Tuesday, January 17, 2006
Enterprise Architecture and Authoritative Ignorance
Authoratative ignorance comes in many forms within the walls of the enterprise. Sometimes it starts with industry analyst firms and the research we consume, sometimes it comes from speakers at conferences we attend, and even from folks in corporate America who write books on hot topics such as Enterprise Service Oriented Architectures, Enterprise Architecture and Java Web Services.
I remember a hallway conversation regarding agile software development and how many folks in corporate America believe in the principles of the Agile Manifesto but otherwise discredit some of the individuals within this community. I have heard that many agilists who have consulting backgrounds really don't provide insight (they do incite though) and are somewhat guilty of simply stating the obvious with passion. I wonder how much money I could make if I stood on the street every morning stating that tomorrow will be a new day?
Industry analysts (most but not all) and the agile community at large both suffer from the same problem. They attempt to moderate all conversations. Within these two communities, the experts may actually have bias (of course you will never get them to declare it). In any community of practice, unless it isn't worth talking about in the first place, a position may not be agreed upon by all experts within the community. I would think that within the larger industry analyst firms not every single analyst say covering SOA believes their firm's research and/or recommendation. I wonder if these firms realize that allowing us folks to observe conflicting opinion may actually be valuable? After all, in debate usually new insights emerge.
As IT executives who practice Management by Magazine continue to listen to analysts and consultants who preach agility, they will over time lose Humility and adopt advanced forms of arrogance and dementia. This ultimately over time festers into a chaotic enterprise architecture that neither serves its customer nor even itself.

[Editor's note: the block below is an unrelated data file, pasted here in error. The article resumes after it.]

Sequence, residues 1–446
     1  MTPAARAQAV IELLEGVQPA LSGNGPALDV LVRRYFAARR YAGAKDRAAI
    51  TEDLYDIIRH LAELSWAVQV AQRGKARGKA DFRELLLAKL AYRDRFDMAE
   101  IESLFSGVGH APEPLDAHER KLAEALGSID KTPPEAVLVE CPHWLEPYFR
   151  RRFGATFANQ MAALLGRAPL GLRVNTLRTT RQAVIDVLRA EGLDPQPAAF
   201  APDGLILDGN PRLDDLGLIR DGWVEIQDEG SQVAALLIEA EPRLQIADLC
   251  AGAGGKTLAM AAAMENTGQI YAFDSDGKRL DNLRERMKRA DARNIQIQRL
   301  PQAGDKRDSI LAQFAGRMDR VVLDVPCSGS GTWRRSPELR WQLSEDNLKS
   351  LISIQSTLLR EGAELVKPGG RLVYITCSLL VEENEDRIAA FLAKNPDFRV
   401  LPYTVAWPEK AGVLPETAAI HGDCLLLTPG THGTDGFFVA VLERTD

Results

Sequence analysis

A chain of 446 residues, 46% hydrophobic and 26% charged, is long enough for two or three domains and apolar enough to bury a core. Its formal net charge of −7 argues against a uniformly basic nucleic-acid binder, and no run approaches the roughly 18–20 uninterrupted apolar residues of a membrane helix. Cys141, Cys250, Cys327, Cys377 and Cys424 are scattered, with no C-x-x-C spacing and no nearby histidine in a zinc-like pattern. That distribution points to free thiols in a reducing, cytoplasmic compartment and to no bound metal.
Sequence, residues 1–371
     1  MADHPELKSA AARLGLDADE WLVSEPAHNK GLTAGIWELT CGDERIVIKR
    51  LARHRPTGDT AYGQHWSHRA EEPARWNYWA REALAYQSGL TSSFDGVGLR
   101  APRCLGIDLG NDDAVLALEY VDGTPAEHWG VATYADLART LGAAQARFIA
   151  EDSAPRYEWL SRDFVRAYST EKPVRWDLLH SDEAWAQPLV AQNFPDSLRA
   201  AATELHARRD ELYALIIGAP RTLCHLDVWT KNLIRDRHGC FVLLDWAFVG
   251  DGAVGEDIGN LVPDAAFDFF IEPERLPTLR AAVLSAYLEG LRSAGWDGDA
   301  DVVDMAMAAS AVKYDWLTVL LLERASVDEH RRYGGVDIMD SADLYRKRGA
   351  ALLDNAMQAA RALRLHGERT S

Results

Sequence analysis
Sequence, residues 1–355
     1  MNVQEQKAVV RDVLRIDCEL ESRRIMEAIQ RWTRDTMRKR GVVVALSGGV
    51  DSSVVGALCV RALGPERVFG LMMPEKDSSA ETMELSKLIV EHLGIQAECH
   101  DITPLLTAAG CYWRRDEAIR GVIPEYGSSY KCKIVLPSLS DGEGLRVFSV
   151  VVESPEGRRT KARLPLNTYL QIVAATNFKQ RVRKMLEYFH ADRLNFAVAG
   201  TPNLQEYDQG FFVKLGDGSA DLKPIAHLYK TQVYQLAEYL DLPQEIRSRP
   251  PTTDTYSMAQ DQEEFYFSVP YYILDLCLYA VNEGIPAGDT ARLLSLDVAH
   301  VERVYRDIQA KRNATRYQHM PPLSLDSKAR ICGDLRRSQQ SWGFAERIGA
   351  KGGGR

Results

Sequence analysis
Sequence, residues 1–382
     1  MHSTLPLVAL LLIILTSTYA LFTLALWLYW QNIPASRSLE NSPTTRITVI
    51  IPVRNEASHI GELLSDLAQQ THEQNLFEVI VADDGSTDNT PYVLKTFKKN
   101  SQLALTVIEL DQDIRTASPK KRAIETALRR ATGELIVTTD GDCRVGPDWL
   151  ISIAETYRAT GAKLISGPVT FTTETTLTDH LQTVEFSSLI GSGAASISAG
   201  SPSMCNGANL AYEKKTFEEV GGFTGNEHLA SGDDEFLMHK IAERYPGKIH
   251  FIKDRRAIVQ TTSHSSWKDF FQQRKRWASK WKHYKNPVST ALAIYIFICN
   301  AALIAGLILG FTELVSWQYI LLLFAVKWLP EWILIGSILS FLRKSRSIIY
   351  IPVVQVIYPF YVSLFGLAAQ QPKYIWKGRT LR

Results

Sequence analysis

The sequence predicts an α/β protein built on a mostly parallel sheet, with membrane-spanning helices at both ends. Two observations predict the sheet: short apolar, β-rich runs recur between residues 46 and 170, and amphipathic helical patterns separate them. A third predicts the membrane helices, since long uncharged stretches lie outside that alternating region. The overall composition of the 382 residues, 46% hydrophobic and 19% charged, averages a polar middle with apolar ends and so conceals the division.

The Burden of Proof is difficult at best. Maybe the better answer is for enterprise architects to spend time finding themselves. In order to do this, they must first acknowledge:
- Experts are often wrong. You can't always use the opinions of industry analysts and insulting firms as gospel. It is useful for input but should never be considered a playbook.
- Experts may be biased. Ever wonder why many analyst firms and even magazines never seem to compare non-commercial open source projects with closed-source proprietary products? Maybe you would be well-served in asking every magazine and industry analyst to cover both forms of software side-by-side.
- When listening to experts, consider that at times they may be stating an opinion (which could be informed or not) but may not be a statement of fact. All statements should be thought of as conjecture unless otherwise proven.
- As a recognized subject matter expert on a variety of topics, I would also encourage you to not take my thoughts as gospel either. I at times, express opinions which are subjective in nature. Not for reasons of related to lack of integrity like others but may do so simply because my mind may not work the same as yours therefore coloring your problem space.
To my peers in other large enterprises, there is nothing you can do about executives who practice authoratative ignorance but there is something you can do about enterprise architects who do. Be on the lookout for folks who always speak or write in a very clear and precise manner without pondering about other topics. If they rarely ask or hint questions they already know everything. They truly beleive they are just right. This is wrecklessly dangerous.
Enterprise architecture is all about preventing wrecks. Step up and become savage in avoiding all forms of authoratative ignorance especially the form that originates outside the enterprise...
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